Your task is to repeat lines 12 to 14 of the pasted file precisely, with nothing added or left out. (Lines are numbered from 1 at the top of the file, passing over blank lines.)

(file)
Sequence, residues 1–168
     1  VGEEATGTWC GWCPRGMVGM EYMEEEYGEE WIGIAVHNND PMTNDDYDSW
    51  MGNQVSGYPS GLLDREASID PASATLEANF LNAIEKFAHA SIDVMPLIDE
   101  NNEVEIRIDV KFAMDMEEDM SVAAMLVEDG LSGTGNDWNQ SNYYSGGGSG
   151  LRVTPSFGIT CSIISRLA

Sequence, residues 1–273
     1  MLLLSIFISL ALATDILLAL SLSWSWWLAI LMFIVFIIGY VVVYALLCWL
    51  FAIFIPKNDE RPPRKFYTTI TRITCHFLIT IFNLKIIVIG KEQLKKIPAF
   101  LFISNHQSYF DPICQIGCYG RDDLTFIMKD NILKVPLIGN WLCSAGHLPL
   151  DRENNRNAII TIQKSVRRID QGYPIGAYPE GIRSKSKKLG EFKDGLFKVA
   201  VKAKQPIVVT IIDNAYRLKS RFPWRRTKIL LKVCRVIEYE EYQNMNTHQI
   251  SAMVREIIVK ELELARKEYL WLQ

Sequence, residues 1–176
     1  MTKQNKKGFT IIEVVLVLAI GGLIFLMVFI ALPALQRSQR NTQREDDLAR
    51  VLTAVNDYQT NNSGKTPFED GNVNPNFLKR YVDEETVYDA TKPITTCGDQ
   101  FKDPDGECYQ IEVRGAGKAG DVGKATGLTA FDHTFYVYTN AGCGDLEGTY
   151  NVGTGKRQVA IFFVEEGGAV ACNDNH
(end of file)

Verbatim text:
   251  SAMVREIIVK ELELARKEYL WLQ

Sequence, residues 1–176
     1  MTKQNKKGFT IIEVVLVLAI GGLIFLMVFI ALPALQRSQR NTQREDDLAR